All posts filed under: American Studies

ASEH 2015 national conference, Washington D.C.

At the end of Day One of the 2015 American Society for Environmental History national conference titled “Turning Protest into Policy: Environmental Values and Governance in Changing Societies,” I can see that it will be a real “branching out” for this Americanist. While my home base at Penn State Harrisburg provides a varied and deeply rooted study of American culture, this conference allows me to extend my reach beyond American studies into other realms of environmental history: transnationalism, legal history, and the sciences. The conference also (clearly) provides an opportunity to interact with academics and non-academics alike. A few environmental “celebrities” (well, at least in my mind!) are in town [including Donald Worster, who wrote Nature’s Economy (1977) which is on my comprehensive exam reading list]. The first session today was a workshop hosted by the National Archives and facilitated by a historian at the NA, a retired historian for the Army Corps of Engineers, and a scholar from Wellesley. Immensely informative, this session presented the details, challenges, and benefits of working with federal records. …

The Cyborgs are Coming!: Women and the Fear of Leadership

For the first installment of the Womanhood Issue series, I present the Cyborg. You may wonder, “What does science fiction have to do with what it means to be a woman?” This is a legitimate question. By the end of this post you will see the lengths women must go to in order to seize the ability to work beyond hegemonic femininity, as defined in the last post. Before jumping into theory, a definition is required. A “Cyborg” is the unification of “cybernetic organism” and originates in popular science fiction culture. Some examples include The Bionic Woman television series (1976-78), which is the story of a female spy who uses semi-robotic skills which gives her an “edge” above and beyond other female agents. The 1975 film (and 2004 remake) The Stepford Wives portrays an uncanny neighborhood where submissive spouses are not entirely human, and the Austin Powers series (1997, 1999, 2002) parodies the cyborg idea through the “Fembots,” ultra-feminine cyborg women who dress scantily and contain deadly machine guns in their breasts. The underlying theme …

The “Womanhood” Issue

Over one year ago I turned thirty and finally felt like a woman. I mean a real, adult woman. In contrast, the years leading to my thirties felt nothing like adulthood, let alone womanhood. Since this mental shift, I ruminated the question over and over, “What happened?” [Short pause for tired age-related jokes.] As it turns out – a lot. None of it has to do with personal history. Rather, I believe it relates to real issues of womanhood: what makes one feel like an authentic adult woman, what constitutes womanhood, and problems with stereotypes relating to this problem. I was invited to participate in a roundtable discussion at the Eastern American Studies Association, entitled “Beyond the Binary: Exploring Contemporary Concepts of Femininity and Masculinity,” and held at La Salle University the weekend of March 28, 2014. As the “women’s studies” scholar on the panel, I was surrounded by talented intellectuals: Jeanine Ruhsam of Penn State Harrisburg, representing study on transgender issues; Amy Milligan of Elizabethtown College, who works in the realm of gay/lesbian scholarship; …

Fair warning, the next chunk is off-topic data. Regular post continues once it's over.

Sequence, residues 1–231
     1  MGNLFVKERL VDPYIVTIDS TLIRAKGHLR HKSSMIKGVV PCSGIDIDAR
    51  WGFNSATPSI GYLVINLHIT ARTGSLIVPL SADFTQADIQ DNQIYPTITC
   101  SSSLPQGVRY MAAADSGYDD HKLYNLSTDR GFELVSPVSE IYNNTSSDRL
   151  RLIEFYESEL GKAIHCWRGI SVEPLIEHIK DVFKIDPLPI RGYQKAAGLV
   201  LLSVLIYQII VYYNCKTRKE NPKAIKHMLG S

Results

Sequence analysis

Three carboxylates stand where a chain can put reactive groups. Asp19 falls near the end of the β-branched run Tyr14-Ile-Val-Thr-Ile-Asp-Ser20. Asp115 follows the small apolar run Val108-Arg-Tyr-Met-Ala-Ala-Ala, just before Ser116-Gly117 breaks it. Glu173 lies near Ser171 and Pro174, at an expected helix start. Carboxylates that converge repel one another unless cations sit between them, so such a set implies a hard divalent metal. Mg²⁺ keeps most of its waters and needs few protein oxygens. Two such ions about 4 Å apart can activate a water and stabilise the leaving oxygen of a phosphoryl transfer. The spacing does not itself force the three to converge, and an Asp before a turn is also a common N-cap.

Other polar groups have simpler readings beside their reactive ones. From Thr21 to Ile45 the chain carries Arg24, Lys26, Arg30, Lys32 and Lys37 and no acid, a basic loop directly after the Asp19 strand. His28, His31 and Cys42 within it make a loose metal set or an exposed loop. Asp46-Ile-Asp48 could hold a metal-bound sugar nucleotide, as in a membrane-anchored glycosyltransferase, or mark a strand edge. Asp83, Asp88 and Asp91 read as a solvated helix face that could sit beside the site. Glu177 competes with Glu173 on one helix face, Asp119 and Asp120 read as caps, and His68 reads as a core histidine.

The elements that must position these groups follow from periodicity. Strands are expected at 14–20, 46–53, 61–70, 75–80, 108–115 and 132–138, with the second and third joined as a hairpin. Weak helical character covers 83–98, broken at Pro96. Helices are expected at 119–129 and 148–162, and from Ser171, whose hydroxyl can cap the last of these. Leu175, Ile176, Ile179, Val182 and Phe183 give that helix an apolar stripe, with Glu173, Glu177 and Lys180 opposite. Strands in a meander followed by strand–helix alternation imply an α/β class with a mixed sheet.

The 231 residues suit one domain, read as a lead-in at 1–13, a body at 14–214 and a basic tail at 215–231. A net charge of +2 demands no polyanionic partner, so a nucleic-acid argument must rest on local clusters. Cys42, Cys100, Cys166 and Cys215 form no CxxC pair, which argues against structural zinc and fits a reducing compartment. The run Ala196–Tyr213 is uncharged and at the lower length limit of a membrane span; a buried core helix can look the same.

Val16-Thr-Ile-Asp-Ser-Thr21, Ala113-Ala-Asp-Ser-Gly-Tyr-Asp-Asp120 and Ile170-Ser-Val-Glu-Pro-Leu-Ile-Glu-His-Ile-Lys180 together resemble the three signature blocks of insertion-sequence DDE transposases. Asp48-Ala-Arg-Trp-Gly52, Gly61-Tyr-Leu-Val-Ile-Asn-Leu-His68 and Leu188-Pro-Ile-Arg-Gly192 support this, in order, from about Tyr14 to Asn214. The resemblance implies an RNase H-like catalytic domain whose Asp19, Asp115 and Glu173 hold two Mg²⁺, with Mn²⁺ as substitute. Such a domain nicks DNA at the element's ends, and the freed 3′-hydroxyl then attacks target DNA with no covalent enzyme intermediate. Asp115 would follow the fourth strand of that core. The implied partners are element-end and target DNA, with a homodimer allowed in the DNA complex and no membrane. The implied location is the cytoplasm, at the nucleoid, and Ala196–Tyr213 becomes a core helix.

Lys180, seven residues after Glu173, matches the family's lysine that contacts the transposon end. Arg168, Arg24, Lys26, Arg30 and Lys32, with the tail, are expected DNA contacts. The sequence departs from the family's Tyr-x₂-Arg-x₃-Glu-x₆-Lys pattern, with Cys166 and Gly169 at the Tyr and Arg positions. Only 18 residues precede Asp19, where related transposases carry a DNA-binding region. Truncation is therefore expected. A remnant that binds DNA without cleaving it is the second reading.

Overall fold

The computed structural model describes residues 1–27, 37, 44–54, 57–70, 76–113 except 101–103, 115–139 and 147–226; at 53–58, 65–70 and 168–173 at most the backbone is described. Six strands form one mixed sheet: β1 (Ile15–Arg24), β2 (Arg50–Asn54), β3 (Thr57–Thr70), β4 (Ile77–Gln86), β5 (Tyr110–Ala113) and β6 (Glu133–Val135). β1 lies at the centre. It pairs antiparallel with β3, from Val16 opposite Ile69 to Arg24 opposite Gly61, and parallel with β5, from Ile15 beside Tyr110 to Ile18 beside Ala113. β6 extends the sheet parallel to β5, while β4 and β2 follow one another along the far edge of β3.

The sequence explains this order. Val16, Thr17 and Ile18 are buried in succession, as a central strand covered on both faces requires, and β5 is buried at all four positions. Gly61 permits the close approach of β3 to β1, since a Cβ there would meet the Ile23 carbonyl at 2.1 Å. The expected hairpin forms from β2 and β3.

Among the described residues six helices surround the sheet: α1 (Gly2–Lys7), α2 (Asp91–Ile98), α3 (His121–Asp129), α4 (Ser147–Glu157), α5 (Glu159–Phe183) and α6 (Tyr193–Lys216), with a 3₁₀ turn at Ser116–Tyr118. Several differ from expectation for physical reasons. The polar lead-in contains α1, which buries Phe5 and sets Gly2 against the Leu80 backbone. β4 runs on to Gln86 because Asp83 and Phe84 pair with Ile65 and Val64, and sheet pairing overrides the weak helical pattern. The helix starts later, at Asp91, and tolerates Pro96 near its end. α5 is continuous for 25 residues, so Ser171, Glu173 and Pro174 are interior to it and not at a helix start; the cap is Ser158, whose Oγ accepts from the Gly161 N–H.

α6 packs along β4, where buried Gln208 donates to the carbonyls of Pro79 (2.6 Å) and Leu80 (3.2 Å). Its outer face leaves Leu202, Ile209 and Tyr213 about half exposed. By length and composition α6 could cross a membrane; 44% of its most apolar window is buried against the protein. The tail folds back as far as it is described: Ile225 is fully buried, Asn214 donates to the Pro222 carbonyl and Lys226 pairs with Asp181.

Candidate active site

Once a Legend, Always a Legend: Modern Interpretations of Sleepy Hollow in Film

[This is a short version of ongoing research on a super fun topic – Irving, Disney, and Burton! What more could you want?] Washington Irving’s Legend of Sleepy Hollow (1819-1820) begins as a posthumous secret, hidden within the collection of The Sketch Book of Geoffrey Crayon, Gent. There is a closeness created between the reader and author due to the confession: “Found among the papers of the late Diedrich Knickerbocker.”  Although now Sleepy Hollow is separated from the original anthology, Americans read and know the text, still feeling a sense of intimacy with the legend. Yet, Legend was not a long-established story at the time of Irving’s publication. He is no Homer. He is not finally transcribing the Odyssey. It is, though, America’s legend. Irving makes it easy on us and states the fact in the title. Why wait for a story to become a legend when one can simply authorize it to be so? Hubris aside, Irving’s short story strikes a chord with multiple generations of American readers and viewers due to the fluidity …

Transcendentalism Today; or, Music as Cultural Thread

Each generation believes their ideas to be creative, inventive and the finest the world has seen. While the great art of history is venerated, musicians are inducted into halls of fame, and scientists are esteemed for their work – aside from the typical grievances against “strange” things – the newest generation imagines their view of the world to be the most complete. Similarly, if historians of culture make connections to earlier eras, often it is with the understanding that the current method is the preferred method; it is the most perfected method (possibly, the most politically correct method, too). Granted, big issues such as American slavery, pre-feminist/über-patriarchal society, homophobic, and pre-regulation factory eras always are foul and certain philosophies rooted in these ideas should not be revived. Yet, when considering more subtle undercurrents of American thought, should we continue upholding that eras/periods/phases are really finished? On to the new thing! We “debunked” the old way and are moving on to what is correct. Are we disconnected completely from, say, nineteenth century thought? Independent from nostalgia, …